University keeps need-blind aid policy

By Pat Higgins | The Duquesne Duke

As schools around the country have recently decided to stray from need-blind financial aid policies, Duquesne has embraced theirs.

When college admission offices abide by a need-blind policy, a student’s financial situation is not a variable in his or her admission to a University.

Some schools around the country, including Wesleyan University and Grinnell College, have chosen to reconsider their need-blind admissions policies to cater to students who can pay for their education.

Duquesne has stuck with their need-blind policy. Paul-James Cukanna, associate provost for Enrollment Management at Duquesne, said that though the University does not meet 100 percent of students’ financial needs, they are a need-blind institution that does not accept or reject students on ability or inability to pay.

Cukanna also said the University is actively working to maximize aid available to students by controlling annual increases in costs around campus because “it’s important that we provide a quality education at a price that’s affordable.”

Although Duquesne, like most other schools nationwide, cannot meet 100 percent of students’ needs, its student loan default rate of 1.9 percent in 2007 was well below the national average of 6.7 percent, according to the U.S. Department of Education and the Duquesne’s Office of Institutional Research and Planning.

The federal government subsidizes loans for students where interest begins to accrue after graduation. As of July 1, 2012, the six-month grace period following graduation where federally subsidized loans remain interest-free no longer exists, according to a report from US News in early July.

“Access and choice in higher education are critical to us [at Duquesne].”

Paul-James Cukanna

Associate Provost

A 2008 report from The Institute for College Access and Success said colleges gave $3.3 billion in aid to students in 2005-06, a mark that falls $2.4 billion short of total student need. In the report, TICAS states that “this comparison demonstrates that colleges are distributing large sums of grant aid in excess of need without meeting the full need of other lower-income students.”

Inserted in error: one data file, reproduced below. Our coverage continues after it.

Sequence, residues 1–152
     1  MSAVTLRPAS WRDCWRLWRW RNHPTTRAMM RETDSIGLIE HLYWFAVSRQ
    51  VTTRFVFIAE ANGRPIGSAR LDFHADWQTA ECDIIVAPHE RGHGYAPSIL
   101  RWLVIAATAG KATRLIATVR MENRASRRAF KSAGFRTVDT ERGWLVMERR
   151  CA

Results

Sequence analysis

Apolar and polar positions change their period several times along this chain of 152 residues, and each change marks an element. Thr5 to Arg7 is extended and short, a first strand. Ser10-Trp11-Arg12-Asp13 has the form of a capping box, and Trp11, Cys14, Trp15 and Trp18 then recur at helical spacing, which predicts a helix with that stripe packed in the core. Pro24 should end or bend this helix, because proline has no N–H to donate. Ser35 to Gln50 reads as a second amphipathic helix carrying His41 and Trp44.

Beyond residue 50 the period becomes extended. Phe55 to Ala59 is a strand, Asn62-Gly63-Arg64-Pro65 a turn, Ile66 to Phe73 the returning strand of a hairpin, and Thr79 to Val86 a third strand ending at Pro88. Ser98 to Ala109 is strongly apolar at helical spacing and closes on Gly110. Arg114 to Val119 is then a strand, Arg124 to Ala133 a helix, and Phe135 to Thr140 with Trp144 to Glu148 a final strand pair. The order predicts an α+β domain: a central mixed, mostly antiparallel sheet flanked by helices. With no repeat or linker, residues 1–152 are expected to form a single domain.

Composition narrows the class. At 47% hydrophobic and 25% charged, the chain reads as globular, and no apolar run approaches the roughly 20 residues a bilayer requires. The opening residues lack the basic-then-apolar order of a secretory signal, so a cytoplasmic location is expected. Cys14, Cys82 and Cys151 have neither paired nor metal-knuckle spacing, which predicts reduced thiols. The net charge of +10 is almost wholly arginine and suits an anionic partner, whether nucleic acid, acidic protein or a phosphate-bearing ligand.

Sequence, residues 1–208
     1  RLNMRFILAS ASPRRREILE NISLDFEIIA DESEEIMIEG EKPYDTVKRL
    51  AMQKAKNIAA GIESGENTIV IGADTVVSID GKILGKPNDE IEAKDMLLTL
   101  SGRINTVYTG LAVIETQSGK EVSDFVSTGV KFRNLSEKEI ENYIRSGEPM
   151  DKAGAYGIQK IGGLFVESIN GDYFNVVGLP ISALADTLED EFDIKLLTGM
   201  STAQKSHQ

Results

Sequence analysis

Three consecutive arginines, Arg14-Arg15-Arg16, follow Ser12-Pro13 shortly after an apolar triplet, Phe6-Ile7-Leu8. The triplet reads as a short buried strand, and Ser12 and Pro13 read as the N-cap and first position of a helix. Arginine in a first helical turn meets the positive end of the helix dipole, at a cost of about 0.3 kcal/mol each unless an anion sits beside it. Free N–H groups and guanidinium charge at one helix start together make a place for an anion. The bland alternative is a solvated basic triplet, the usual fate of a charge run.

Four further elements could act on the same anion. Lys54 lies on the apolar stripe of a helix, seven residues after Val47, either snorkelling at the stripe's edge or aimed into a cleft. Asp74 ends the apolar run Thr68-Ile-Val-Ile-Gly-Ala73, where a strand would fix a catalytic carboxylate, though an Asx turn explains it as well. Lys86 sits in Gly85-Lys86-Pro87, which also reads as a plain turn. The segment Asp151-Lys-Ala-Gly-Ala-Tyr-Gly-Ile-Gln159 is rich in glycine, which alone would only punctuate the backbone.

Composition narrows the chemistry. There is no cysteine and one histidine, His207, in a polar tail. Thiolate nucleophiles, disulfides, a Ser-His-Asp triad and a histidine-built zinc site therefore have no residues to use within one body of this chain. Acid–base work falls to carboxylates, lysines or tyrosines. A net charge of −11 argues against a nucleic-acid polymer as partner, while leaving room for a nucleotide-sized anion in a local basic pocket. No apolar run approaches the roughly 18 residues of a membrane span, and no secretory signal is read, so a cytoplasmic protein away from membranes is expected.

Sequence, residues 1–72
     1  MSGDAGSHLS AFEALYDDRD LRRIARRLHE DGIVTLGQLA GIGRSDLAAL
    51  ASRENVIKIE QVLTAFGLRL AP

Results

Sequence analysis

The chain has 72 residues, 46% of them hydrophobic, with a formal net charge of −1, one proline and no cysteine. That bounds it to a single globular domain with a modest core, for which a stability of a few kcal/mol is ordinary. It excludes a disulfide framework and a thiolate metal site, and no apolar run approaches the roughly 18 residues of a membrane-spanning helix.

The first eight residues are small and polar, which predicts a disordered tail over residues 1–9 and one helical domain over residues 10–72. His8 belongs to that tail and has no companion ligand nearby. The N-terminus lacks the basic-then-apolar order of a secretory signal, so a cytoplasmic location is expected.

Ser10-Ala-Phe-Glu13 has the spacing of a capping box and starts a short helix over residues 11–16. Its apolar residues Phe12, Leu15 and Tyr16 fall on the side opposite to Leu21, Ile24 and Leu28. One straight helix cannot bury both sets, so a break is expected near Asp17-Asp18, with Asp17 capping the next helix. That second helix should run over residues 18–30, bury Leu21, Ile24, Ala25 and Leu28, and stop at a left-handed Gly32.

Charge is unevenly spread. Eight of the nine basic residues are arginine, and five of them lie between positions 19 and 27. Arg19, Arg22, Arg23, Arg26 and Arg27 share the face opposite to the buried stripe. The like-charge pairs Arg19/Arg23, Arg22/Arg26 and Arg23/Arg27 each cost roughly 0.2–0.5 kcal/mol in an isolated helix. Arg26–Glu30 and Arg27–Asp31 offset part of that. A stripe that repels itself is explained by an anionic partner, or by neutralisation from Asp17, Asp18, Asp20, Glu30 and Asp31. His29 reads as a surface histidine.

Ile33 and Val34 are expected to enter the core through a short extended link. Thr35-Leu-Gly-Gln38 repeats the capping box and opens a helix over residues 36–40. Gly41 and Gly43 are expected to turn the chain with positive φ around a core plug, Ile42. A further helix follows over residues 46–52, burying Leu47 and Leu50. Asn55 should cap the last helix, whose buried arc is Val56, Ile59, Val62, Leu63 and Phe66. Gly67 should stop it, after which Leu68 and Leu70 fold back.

The TICAS report also suggests that colleges and students may both be negatively affected is schools are need-blind without the ability to meet a student’s full financial aid need.

Mark Kantrowitz, publisher of FinAid.com and FastWeb.com, said he agrees with the national perspective on unmet financial needs and sees the dangers they bring along.

“It does no good to admit a student without regard to their financial aid if you’re not going to give them the financial aid they need to afford the college,” Kantrowitz said. “They’ll graduate with too much debt and they’ll eventually default on the loans. If you’re going to have a need-blind admission policy, give them the aid they need.”

Slippery Rock University has also maintained their need-blind policy and does not discriminate against students with lower income levels. Patty Hladio, SRU’s director of financial aid, said Slippery Rock is and always will be need-blind, and that the University’s relationship with community colleges in the area allows for financial stability for both the institution and its students.

“Because our mission is access, we do want to make sure we are available to the public,” Hladio said. “We are very fortunate because in addition to being a public institution, we are strategically located in a reasonable vicinity of four solid community college systems. From a financial perspective, because of our agreements and where we’re located, we’re fortunate that we have policies for students that can minimize debts.”

Cukanna said that an institution’s financial aid policies differ everywhere, but stressed Duquesne’s commitment to providing an excellent and affordable education to students who qualify academically.

“Each institution is different,” he said. “Each school has to respond to the demands of the marketplace differently. Access and choice in higher education are critical to us [at Duquesne]. It’s part of our culture and the fabric of our university.”

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